Roger, thank God, is too young to fight; I pray this war will be over soon.

I look down. The telegram from the Royal Navy is blurred by my tears.

Friday Fictioneers – La Serenissima

Every week, Rochelle Wisoff-Fields (thank you, Rochelle!) hosts a flash fiction challenge, to write a complete story, based on a photoprompt, with a beginning, middle and end, in 100 words or less. Post it on your blog, and include the Photoprompt and Inlinkz (the blue frog) on your page. Link your story URL. Then the fun starts as you read other peoples’ stories and comment on them!

FF - Venice - 180620

PHOTO PROMPT © Fatima Fakier Deria

La Serenissima

Venice, my home, is stone, stone on wood, wood in water. I live in a half-world of aqueous reflections, stone in water, water on stone, a confusion of images.

Nowadays I only dare walk its streets in daylight.

As I cross the square, a boatman sings of sunlight on tranquil water.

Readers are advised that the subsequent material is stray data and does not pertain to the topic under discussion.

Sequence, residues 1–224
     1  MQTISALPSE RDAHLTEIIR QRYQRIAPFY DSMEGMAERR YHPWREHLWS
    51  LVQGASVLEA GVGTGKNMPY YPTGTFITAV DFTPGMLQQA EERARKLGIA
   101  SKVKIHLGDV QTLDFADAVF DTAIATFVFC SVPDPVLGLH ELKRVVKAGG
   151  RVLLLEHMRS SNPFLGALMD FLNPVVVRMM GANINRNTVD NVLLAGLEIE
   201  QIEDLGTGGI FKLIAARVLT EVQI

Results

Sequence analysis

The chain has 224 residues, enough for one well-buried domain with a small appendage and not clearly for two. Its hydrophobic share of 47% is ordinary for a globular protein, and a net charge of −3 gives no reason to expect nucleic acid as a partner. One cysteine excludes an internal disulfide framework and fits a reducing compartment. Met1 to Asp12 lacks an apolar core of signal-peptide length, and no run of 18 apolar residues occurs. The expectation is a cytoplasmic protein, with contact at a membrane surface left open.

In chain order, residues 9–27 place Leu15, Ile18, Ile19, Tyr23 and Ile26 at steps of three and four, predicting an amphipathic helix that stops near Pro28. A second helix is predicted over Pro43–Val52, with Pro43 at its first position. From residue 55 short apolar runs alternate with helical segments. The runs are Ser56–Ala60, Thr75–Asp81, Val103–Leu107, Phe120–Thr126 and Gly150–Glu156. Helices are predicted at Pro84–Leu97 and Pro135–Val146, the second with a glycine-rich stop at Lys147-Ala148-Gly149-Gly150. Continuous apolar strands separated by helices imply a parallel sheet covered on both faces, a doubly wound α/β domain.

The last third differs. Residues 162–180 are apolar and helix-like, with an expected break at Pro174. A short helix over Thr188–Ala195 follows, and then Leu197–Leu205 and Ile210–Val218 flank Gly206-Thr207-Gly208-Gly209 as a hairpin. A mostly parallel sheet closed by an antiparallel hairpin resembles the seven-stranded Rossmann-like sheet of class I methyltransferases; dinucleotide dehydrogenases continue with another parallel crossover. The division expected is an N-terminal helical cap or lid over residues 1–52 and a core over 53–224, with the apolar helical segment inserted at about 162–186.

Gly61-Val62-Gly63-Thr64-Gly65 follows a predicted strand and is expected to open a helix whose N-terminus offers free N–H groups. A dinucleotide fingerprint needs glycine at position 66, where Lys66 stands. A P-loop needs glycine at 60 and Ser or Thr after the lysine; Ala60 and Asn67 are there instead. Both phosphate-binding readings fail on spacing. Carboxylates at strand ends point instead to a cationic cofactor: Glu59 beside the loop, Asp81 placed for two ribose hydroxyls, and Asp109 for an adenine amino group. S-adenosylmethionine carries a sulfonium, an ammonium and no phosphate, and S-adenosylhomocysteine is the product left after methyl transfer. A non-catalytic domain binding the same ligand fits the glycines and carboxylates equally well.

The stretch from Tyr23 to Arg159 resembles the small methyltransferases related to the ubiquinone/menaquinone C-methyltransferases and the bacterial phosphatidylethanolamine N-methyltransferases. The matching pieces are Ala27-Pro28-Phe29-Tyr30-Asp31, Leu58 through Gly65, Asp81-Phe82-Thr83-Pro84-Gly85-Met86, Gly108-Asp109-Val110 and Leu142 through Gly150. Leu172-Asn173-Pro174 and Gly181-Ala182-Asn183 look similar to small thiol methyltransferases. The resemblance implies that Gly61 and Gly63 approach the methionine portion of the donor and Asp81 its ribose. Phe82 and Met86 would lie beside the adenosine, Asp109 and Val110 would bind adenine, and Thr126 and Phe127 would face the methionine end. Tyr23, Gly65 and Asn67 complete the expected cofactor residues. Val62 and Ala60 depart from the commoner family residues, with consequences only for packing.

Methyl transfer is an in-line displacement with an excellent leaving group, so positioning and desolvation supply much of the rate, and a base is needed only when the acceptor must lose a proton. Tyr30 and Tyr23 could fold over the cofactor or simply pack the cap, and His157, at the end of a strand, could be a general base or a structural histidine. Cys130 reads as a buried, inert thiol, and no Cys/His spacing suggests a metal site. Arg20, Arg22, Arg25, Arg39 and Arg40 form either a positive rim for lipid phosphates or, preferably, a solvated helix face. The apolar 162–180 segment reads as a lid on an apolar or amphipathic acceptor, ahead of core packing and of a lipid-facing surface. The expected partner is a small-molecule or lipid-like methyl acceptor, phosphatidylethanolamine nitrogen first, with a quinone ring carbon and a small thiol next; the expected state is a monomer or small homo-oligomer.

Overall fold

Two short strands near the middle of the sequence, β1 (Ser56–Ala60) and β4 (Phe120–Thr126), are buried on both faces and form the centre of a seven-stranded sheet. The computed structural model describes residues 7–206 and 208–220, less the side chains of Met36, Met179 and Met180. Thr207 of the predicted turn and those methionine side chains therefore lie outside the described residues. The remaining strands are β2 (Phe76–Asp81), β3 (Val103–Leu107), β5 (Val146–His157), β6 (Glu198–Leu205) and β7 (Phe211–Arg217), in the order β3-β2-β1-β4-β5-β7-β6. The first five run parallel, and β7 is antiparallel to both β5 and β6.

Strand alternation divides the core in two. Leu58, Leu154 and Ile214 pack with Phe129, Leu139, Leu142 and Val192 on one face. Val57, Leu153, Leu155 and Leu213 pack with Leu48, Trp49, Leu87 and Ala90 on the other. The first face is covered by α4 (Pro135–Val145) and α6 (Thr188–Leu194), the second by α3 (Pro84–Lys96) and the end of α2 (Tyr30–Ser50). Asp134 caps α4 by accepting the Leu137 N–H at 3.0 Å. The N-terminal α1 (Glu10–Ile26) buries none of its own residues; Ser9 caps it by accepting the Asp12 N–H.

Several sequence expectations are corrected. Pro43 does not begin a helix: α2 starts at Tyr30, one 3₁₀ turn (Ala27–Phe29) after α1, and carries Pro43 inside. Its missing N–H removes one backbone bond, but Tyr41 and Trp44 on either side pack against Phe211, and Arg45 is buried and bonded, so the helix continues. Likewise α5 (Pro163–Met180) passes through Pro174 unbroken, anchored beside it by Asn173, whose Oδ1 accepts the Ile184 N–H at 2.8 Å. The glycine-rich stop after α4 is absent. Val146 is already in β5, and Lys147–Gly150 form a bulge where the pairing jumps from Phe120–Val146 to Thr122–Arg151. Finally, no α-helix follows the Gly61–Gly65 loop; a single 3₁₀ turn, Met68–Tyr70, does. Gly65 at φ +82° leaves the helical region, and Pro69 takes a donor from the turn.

The canal smells cold as an open grave.

I take a deep breath and immerse myself in the shadows of the street. My heels clatter, my heart races.

Here, two years ago, masked and cloaked in midnight’s blackness he snatched me, and in five frantic minutes stole my serenity.

The Dove on the Pergola – 18th June 2018

The Dove on the Pergola – progress 180618

This is my weekly blog post about the progress of my novel “The Dove on the Pergola”. The novel is about a young Indian woman, Makshirani, who has lived until she was sixteen years old in a village in Bengal, and who then moves to the big city of Kolkata.